In signing the measure – similar to the one Arizona Gov. Jan Brewer vetoed – Pence and the state of Indiana have faced a torrent of venom from opponents of the bill, who claim it grants a “right to discriminate” and raises the spectre of segregation.

"They've basically said, as long as your religion tells you to, it's OK to discriminate against people," said Sarah Warbelow, legal director of the Human Rights Campaign, a national homosexual pressure group.

The Disciples of Christ, a liberal Protestant denomination based in the state capital, has said it will move its 2017 annual convention if the RFRA became state law. The NCAA warned the bill's adoption “might affect future events” in the Hoosier state.

Pence denied such concerns, saying, "This bill is not about discrimination, and if I thought it legalized discrimination in any way I would've vetoed it."

The bill's supporters say that, under the Obama administration, it is Christians who are most likely to suffer discrimination.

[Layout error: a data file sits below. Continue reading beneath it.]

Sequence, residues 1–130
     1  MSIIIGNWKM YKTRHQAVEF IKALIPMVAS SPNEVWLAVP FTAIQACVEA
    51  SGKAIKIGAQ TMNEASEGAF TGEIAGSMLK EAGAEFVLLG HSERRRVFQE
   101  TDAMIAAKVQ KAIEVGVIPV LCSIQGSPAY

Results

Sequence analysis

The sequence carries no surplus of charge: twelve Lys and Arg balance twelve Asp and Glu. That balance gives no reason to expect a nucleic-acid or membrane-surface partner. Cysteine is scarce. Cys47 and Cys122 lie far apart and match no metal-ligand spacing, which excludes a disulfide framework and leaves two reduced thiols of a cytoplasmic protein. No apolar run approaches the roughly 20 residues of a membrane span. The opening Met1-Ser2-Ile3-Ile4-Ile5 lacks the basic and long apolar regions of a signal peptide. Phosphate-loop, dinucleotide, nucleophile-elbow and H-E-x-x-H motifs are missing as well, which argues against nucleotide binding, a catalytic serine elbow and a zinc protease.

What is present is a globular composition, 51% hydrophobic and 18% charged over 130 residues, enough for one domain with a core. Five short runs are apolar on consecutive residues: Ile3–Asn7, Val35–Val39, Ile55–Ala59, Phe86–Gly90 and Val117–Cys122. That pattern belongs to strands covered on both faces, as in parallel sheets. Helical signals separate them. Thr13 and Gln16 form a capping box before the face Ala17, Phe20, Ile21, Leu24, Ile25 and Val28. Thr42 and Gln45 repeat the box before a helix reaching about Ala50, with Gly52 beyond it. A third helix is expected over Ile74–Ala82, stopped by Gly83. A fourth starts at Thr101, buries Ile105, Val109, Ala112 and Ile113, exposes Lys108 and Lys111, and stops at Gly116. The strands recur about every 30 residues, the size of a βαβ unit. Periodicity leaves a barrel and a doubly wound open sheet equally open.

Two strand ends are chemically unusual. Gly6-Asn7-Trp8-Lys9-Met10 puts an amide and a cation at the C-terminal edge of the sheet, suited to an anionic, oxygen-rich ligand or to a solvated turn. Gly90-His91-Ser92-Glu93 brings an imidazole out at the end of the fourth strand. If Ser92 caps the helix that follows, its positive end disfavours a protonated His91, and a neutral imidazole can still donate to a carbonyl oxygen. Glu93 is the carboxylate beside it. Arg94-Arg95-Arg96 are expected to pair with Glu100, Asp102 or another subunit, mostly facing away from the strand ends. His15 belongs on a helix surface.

"Originally RFRA laws were intended to protect small religious groups from undue burdens on practicing their faith in public life,” said Mark Tooley, president of the Institute on Religion and Democracy. “It was not imagined there would come a day when laws might seek to jail or financially destroy nuns, rabbis or Christian camp counselors who prefer to abstain from the next wave of sexual and gender experimentation. And there's always a next wave.”

The bill's supporters note that it does not end the government's right to coerce people of faith into violating their conscience in every situation. However, it requires that doing so has to serve a compelling government interest and the government must use the least restrictive means possible. “There will be times when a state or federal government can show it has a compelling reason for burdening religious expression – to ensure public safety, for instance,” said Sarah Torre, an expert at the Heritage Foundation. “But Religious Freedom Restoration Acts set a high bar for the government to meet in order to restrict religious freedom.”